Starting in Junos OS Release 12.3, you can configure up to eight VT interfaces in a routing instance, thus providing Tunnel PIC redundancy inside the same multicast VPN routing instance. When the active VT interface fails, the secondary one takes over, and you can continue managing multicast traffic with no duplication.

Redundant VT interfaces are supported with RSVP point-to-multipoint provider tunnels as well as multicast LDP provider tunnels. This feature also works for extranets.

You can configure one of the VT interfaces to be the primary interface. If a VT interface is configured as the primary, it becomes the next hop that is used for traffic coming in from the core on the label-switched path (LSP) into the routing instance. When a VT interface is configured to be primary and the VT interface is used for both unicast and multicast traffic, only the multicast traffic is affected.

If no VT interface is configured to be the primary or if the primary VT interface is unusable, one of the usable configured VT interfaces is chosen to be the next hop that is used for traffic coming in from the core on the LSP into the routing instance. If the VT interface in use goes down for any reason, another usable configured VT interface in the routing instance is chosen. When the VT interface in use changes, all multicast routes in the instance also switch their reverse-path forwarding (RPF) interface to the new VT interface to allow the traffic to be received.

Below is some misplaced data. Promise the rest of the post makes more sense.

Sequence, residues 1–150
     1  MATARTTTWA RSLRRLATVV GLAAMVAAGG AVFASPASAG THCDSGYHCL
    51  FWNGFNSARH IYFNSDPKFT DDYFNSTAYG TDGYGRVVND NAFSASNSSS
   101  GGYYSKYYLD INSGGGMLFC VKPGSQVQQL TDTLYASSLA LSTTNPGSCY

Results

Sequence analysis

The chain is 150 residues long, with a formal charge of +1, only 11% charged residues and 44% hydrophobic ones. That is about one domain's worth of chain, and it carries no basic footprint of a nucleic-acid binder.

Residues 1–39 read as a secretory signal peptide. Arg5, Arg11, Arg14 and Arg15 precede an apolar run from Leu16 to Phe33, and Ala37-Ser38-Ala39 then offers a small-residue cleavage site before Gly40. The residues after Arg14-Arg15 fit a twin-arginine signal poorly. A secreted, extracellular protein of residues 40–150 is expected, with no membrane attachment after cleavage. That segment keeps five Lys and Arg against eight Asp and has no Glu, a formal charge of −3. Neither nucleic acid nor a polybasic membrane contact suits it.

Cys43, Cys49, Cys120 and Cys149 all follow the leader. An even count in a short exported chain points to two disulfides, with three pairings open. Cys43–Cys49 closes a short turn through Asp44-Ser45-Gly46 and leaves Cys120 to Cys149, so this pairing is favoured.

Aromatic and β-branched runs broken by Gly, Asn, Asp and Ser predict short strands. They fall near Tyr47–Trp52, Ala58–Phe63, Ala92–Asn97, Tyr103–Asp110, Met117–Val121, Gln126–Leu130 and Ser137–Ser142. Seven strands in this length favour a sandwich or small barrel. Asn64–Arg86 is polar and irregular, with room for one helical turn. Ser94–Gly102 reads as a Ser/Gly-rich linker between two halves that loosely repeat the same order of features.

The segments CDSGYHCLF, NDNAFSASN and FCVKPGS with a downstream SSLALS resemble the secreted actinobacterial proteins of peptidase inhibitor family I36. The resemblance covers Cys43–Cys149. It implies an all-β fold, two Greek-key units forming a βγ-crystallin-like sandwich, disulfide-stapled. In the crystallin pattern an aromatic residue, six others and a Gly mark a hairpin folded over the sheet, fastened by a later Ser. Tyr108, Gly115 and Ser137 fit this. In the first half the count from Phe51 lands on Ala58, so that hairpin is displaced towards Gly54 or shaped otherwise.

To realize the full benefit of redundancy, we recommend that when you configure multiple VT interfaces, at least one of the VT interfaces be on a different Tunnel PIC from the other VT interfaces. However, Junos OS does not enforce this.

Example: Configuring Redundant Virtual Tunnel Interfaces in MBGP MVPNs